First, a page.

“A Span, A Cry, An Ecstasy"

By Edward Moran

The Brooklyn Bridge The Brooklyn Bridge

If the Brooklyn Bridge were nothing more than an engineering marvel, that would have been enough to insure its place in the pantheon of great American civic enterprises. It was more than the sum of its cables and granite, though, for it became a potent symbol of American entrepreneurial spirit, idealized by poet and preacher alike. Like Upjohn’s Trinity Church at the foot of Wall Street, the Brooklyn Bridge had been executed in soaring Gothic motifs, but to more secular ends in what was then the Gilded Age. As the spires of Trinity soared heavenward, the Bridge’s arches offered Brooklynites greater opportunities to lay up treasures on earth; they were now given easier access to the stock exchanges and counting houses of Manhattan without having to navigate the East River by ferry, an especially daunting ordeal during the winters of the so-called “Little Ice Age” of the late 1800s.

Some forty years after Washington Roebling set down his telescope and vacated 110 Columbia Heights, a twentysomething poet rented a flat in the building -- John Dos Passos was also a resident there at the time -- and spent countless hours gazing at the bridge through his own poetic lens. His name was Hart Crane, the son of an Ohio candy maker who had recently patented ring-shaped peppermint lozenges later marketed as Life Savers. Ironic, because Crane would die several years later in a suicidal plunge from a steamer in the Gulf of Mexico. But not before imbibing the spirit of the Brooklyn Bridge from Roebling’s old perch, all while enjoying furtive trysts with sailors he often picked up in its shadows.  Crane saw the bridge not only as a fertile cruising spot, but as liturgical vessels for his soul’s half-mystical, half-carnal communion with the sublime. As he writes, rhapsodically, with echoes of William Blake and Walt Whitman:

Hart Crane Hart Crane

O harp and altar, of the fiery fused,

(How could mere toil align thy choiring strings!)

Terrific threshold of the prophet’s pledge,

Prayer of pariah, and the lover’s cry.

Crane was not the only poet to have been mesmerized by the Brooklyn Bridge. Marianne Moore, famously photographed under the Bridge’s arches by Richard Avedon in the 1960s, called it a “climactic ornament, a double rainbow” in her poem “Granite and Steel.” Moore’s protegée, Elizabeth Bishop, writing more whimsically, invited Moore to “please come flying” from Brooklyn over the Brooklyn Bridge “in the white mackerel sky” while  “bearing a musical inaudible abacus/a slight censorious frown, and blue ribbons.”.  Jack Kerouac added a 1950s Beat-and-Buddha sensibility to the mix with “The Brooklyn Bridge Blues as found in the Book of Dharmas”, written in hallucinatory cadences: "...John A Roebling/and Washington Roebling/built it, and it hath cables/and it does one good/to cross it everyday--/See my eerie wiseness?” Other writers of a more postmodern temperament have seen more dystopia than utopia in the bridge, but they are seldom read.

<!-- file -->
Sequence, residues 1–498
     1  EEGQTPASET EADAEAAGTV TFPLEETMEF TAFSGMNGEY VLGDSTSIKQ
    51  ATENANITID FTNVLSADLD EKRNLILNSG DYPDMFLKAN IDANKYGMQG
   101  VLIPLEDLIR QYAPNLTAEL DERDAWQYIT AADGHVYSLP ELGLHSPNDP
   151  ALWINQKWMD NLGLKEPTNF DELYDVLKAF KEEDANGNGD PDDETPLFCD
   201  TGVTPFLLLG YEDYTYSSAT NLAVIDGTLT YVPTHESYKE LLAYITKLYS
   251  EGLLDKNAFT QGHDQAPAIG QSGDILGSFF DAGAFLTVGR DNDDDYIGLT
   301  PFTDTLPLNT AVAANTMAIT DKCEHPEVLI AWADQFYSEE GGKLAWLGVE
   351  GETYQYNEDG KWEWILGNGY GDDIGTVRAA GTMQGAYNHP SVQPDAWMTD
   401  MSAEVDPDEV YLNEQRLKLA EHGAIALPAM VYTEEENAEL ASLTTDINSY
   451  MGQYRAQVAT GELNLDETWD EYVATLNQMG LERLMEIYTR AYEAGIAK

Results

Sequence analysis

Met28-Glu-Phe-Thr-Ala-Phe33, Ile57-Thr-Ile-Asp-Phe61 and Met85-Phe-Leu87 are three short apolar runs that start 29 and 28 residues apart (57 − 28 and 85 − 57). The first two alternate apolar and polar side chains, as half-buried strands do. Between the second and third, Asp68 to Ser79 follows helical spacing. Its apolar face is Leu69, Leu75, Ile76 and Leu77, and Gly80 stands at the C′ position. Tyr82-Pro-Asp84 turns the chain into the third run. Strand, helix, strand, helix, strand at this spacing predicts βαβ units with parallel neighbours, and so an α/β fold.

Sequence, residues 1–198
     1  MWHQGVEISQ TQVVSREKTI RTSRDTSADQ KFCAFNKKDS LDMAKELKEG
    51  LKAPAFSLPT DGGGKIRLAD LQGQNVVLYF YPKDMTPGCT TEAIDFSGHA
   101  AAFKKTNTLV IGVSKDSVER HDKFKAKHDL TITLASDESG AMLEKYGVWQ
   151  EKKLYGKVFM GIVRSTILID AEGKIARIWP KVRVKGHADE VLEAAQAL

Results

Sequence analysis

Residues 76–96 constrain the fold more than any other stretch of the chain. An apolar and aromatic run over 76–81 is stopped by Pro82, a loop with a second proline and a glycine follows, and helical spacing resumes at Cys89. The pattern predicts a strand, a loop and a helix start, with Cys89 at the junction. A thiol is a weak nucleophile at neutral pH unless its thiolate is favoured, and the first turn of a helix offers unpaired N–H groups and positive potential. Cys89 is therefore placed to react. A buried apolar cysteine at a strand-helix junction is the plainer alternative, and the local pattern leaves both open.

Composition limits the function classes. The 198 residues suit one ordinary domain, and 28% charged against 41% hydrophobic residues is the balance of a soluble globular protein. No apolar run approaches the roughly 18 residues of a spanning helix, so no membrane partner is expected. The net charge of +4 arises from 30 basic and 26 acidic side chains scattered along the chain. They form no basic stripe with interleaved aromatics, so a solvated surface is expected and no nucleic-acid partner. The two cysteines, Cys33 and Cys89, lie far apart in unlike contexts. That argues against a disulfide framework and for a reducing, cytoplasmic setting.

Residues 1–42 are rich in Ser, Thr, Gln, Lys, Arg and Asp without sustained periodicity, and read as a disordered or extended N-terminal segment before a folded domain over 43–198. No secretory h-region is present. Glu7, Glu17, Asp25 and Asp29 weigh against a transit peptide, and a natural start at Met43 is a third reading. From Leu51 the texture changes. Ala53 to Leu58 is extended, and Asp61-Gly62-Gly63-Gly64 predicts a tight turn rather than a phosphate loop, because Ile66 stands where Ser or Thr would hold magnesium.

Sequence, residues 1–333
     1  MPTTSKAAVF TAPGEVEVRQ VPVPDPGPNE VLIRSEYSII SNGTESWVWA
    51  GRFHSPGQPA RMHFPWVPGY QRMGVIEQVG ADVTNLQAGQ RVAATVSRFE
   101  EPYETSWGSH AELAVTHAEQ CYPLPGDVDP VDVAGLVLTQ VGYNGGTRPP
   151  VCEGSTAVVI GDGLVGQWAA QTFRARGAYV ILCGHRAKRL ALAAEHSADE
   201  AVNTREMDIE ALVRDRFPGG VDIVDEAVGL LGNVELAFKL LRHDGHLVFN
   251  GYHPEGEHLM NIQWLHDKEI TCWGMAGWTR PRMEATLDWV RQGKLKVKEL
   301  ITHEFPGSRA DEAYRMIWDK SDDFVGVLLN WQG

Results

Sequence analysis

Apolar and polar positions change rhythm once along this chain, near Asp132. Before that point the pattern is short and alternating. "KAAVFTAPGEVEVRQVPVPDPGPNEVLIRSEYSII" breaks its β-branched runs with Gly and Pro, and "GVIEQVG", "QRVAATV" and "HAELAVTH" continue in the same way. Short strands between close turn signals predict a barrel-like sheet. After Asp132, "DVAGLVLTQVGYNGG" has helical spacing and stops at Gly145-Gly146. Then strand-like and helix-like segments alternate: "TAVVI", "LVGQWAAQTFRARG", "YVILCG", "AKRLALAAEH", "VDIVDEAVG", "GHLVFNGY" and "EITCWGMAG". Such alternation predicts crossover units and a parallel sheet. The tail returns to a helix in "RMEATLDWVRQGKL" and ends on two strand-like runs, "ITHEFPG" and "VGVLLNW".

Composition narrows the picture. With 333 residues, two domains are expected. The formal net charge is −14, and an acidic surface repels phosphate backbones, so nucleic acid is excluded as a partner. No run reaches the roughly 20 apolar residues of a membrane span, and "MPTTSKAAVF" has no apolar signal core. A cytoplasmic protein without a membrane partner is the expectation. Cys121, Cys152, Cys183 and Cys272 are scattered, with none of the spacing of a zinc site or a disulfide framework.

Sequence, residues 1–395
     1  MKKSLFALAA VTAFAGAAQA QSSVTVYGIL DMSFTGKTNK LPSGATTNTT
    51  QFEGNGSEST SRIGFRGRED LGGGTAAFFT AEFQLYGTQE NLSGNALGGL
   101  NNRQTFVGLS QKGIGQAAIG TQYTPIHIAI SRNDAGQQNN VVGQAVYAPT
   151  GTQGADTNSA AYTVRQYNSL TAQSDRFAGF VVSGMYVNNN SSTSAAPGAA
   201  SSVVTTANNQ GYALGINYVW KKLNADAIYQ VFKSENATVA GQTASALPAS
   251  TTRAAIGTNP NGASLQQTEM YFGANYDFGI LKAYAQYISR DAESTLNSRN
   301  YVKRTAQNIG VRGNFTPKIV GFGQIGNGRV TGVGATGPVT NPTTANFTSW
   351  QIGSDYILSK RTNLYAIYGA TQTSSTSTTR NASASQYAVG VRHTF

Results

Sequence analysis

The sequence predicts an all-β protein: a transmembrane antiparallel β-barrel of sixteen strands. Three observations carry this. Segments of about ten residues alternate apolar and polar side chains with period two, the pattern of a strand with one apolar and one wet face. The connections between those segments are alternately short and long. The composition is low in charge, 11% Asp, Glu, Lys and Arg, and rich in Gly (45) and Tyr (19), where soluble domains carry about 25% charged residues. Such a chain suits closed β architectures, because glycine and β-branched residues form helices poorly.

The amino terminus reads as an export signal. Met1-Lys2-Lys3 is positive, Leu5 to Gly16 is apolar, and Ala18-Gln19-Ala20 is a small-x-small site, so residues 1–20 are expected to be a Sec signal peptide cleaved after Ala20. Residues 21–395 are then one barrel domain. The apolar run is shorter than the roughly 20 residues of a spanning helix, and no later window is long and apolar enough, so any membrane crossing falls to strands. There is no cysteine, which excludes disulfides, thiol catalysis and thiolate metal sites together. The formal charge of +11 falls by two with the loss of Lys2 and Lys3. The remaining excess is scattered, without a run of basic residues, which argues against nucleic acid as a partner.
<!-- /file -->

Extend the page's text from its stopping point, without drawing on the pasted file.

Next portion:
The Bridge The Bridge

But it is perhaps Thomas Wolfe of “Only the Dead Know Brooklyn” fame who has captured the Bridge in all its incandescence (incidentally, the Bridge was one of the first public works to be strung with Edison’s new electric lights). Wolfe’s breathless paean is immortalized in a bronze  plaque on a house he once occupied on nearby Montague Terrace: “Great God! the only bridge, the bridge of power, life and joy, the bridge that was a span, a cry, an ecstasy ... that was America.”[1]


 

[1]          Goldstein, Norm. “Literary Brooklyn Heights,” August 15, 2012. Accessed May 22, 2016.

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